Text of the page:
Monday, October 25, 2010

Continuous Deployment

I listened to a podcast recently about a company doing continuous deployment. I was interested because my company does continuous deployment, and not just of a web application, but of a desktop app. From what I can tell, this is still quite rare.

They were asked how frequently they deploy, and they said every two weeks. I was a little surprised.  Obviously it's a long way from yearly releases, but to me, every two weeks is not exactly "continuous".

Part of the issue is that "continuous" often gets mixed up with "automated". For example, continuous build or integration systems are as much about the automation as they are about continuous. But the primary goal is the "continuous" part. The automation is a secondary requirement needed to satisfy the primary goal of continuous.

Of course, "continuous" seldom actually means "continuous". It usually means "frequent". Continuous builds might happen nightly, or might be triggered by commits to version control.

Our continuous deployment means daily, Monday to Thursday nights. We don't deploy Friday in case there are problems and we don't have anyone working on the weekends.

Our big nightmare is that something goes wrong with an update and all of our roughly 500 installations will be down. Of course, we have a big test suite that has to pass, but tests are never perfect. To reduce the risk we deploy to about ten "beta" sites first. Everyone else gets that update two days later. Having ten beta sites down is something we can handle, and they're aware they're beta sites so they're a little more understanding. In practice, we've had very few major problems.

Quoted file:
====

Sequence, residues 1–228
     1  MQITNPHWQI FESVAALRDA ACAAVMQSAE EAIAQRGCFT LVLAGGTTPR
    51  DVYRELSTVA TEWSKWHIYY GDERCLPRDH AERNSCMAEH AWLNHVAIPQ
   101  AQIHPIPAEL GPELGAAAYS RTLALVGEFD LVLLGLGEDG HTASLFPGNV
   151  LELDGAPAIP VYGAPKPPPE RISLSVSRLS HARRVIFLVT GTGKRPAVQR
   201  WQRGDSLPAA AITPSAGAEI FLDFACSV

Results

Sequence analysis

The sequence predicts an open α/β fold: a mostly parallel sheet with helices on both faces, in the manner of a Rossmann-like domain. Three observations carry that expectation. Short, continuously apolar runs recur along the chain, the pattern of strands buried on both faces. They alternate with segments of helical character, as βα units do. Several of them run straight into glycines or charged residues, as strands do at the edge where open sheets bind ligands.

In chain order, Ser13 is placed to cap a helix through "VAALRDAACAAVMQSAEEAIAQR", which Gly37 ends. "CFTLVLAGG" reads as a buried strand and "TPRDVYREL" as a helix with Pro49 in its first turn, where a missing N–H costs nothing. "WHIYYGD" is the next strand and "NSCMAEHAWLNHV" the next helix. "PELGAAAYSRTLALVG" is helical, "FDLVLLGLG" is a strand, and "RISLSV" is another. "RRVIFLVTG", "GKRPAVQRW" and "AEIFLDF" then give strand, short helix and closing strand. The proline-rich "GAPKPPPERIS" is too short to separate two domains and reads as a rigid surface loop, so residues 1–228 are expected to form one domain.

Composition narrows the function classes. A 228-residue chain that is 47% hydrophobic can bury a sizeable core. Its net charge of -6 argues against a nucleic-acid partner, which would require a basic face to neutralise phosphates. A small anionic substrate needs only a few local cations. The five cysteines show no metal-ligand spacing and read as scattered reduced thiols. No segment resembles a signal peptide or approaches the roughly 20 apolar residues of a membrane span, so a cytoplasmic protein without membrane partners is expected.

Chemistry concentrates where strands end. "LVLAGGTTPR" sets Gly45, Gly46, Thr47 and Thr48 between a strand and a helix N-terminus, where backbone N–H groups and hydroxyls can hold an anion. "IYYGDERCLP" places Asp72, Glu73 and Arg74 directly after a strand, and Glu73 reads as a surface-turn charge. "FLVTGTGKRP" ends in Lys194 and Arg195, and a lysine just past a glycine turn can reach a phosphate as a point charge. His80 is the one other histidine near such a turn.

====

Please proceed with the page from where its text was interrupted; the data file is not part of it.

We have a single central version control (similar to Subversion). Anything committed to version control automatically gets deployed. The problem is when we're working on a bigger or riskier change, we can't send it to version control until it's finished. But not committing regularly leads to conflicts and merge issues, and also means we're only tracking the changes with a large granularity and can't revert back to intermediate steps. Plus, version control is the main way we share code. If the changes haven't been sent to version control, it's awkward for other people to get access to them for review or testing. I think the solution would be a distributed version control system like Git or Mercurial where we can have multiple repositories.

I'm looking forward to reading Continuous Delivery although I think the focus is on web applications.

1 comment:

Jen said...

Although, a few of us have been pretty good at making the changes in smaller steps to that they can be sent to version control (and it's easier to find when we break things). Or to make the changes in copies of the original records so that they can be kept in version control until finished and ready to be used.

Knowing that whatever changes you make are going right out to customers definitely makes you think more about how you write your code and the testing (written and manual).

It definitely helps to have standards in place, such as pair programming and getting your code reviewed before sending, to help keep the code that is getting sent out working and bug free. The hard part is getting all the programmers to actually follow the standards :o)